Current research and challenges related to shallow flows

Research output: Chapter in Book/Conference proceedings/Edited volumeChapterScientific

Abstract

Many environmental flows can be considered as shallow. The effects of shallowness are reflected in a strong influence of bed friction and in horizontal velocity gradients as a result of variations in bathymetry and roughness. The horizontal length scales, being generally larger than the vertical length scales, dominate the flow pattern through horizontal momentum exchange. However, three-dimensional effects do play an important role as non-uniformity of bed roughness gives rise to secondary circulation driven by turbulence anisotropy. This not only results in vertical motion, but also hampers the development of eddies formed in the horizontal shear layers. This chapter addresses a few examples where the flow structure is affected by groynes, and examples where roughness variations are the dominant mechanisms creating horizontal shear layers. In the latter cases, the contribution of secondary circulation to horizontal momentum transfer cannot be neglected, demonstrating the importance of three-dimensional effects in shallow flows.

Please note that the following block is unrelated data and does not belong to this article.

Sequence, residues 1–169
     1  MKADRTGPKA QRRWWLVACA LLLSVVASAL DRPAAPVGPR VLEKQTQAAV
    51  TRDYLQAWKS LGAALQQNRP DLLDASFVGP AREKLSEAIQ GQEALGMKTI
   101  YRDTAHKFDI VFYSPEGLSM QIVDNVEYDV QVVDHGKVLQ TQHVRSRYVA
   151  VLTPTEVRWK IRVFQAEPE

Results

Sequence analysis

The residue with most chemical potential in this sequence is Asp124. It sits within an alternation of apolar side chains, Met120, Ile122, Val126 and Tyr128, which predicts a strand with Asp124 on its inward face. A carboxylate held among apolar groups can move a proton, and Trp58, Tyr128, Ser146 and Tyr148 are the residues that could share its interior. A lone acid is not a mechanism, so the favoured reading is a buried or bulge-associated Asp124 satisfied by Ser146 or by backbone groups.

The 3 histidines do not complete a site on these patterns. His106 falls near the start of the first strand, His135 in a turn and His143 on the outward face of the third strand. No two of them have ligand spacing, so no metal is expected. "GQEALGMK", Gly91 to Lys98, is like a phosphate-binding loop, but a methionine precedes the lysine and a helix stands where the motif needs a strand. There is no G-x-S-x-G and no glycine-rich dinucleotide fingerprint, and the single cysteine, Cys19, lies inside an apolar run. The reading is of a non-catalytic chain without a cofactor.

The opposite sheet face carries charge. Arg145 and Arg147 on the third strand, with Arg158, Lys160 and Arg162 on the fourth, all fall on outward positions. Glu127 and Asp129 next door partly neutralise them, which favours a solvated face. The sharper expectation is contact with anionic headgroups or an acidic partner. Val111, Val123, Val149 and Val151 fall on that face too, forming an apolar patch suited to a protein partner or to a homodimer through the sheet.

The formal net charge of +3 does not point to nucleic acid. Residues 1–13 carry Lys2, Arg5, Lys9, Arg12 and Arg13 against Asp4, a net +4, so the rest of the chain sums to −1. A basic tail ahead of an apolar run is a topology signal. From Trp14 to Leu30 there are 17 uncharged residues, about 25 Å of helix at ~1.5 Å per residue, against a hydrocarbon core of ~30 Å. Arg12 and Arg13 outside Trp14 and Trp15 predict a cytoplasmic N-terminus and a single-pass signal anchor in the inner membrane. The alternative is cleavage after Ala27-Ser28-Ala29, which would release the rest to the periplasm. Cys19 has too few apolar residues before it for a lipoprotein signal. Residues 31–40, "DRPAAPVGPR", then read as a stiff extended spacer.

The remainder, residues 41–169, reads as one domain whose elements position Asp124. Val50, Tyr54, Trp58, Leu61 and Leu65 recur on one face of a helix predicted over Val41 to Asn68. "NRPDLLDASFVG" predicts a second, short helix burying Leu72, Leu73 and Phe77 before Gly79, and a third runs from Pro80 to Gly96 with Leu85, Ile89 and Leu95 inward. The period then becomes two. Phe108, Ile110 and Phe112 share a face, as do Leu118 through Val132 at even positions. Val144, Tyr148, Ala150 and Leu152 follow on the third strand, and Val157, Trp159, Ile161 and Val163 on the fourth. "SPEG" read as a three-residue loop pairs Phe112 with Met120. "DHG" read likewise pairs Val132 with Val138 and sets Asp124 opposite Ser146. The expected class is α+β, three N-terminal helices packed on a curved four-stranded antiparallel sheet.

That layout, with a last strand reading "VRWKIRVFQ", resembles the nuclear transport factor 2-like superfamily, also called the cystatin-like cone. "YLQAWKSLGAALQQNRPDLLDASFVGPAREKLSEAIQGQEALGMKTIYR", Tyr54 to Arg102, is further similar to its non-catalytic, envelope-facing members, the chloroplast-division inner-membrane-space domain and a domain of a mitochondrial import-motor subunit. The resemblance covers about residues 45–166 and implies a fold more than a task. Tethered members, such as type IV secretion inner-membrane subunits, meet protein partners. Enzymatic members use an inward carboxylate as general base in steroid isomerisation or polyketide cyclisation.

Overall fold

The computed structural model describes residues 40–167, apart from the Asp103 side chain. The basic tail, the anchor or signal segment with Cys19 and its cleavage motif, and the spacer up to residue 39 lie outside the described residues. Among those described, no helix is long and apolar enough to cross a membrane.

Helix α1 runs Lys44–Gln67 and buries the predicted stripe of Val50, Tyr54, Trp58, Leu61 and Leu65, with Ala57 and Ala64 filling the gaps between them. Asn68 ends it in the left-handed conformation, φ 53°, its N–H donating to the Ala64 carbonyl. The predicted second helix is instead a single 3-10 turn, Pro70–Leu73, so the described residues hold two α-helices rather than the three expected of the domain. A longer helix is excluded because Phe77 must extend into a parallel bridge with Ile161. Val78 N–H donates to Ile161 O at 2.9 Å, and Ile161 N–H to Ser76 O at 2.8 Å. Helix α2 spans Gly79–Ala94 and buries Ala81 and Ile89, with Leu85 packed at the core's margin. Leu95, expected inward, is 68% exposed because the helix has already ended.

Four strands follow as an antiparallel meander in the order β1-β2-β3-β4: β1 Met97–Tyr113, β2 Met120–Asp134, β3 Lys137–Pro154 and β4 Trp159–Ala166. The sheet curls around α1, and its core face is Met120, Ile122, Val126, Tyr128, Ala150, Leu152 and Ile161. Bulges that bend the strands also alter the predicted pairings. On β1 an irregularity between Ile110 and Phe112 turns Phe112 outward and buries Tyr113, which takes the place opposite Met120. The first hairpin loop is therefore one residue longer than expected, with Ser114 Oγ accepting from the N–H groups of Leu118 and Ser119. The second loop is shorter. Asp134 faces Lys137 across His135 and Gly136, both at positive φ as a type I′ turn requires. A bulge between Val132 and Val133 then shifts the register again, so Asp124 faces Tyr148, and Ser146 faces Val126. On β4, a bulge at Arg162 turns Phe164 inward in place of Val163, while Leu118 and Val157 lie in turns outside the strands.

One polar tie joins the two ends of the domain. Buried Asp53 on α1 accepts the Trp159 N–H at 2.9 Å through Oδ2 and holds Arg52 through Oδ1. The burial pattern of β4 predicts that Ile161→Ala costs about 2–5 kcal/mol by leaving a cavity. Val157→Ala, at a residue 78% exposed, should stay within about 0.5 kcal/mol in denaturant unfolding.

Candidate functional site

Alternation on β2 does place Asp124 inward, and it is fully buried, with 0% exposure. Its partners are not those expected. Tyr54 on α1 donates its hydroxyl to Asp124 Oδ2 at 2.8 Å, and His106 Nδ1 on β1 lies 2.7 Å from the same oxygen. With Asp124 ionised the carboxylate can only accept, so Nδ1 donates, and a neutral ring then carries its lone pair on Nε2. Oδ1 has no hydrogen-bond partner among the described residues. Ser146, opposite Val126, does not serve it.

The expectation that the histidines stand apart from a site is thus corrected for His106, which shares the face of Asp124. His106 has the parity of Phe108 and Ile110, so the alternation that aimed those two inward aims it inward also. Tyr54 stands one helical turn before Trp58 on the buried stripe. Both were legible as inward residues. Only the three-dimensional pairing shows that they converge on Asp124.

Original languageEnglish
Title of host publicationGeoPlanet: Earth and Planetary Sciences
PublisherSpringer
Pages121-136
Number of pages16
DOIs
Publication statusPublished - 2015

Publication series

NameGeoPlanet: Earth and Planetary Sciences
ISSN (Print)21905193
ISSN (Electronic)21905207

Keywords

  • Flow structures
  • Mixing
  • Roughness transitions
  • Secondary circulation
  • Shallow flows
  • Turbulence

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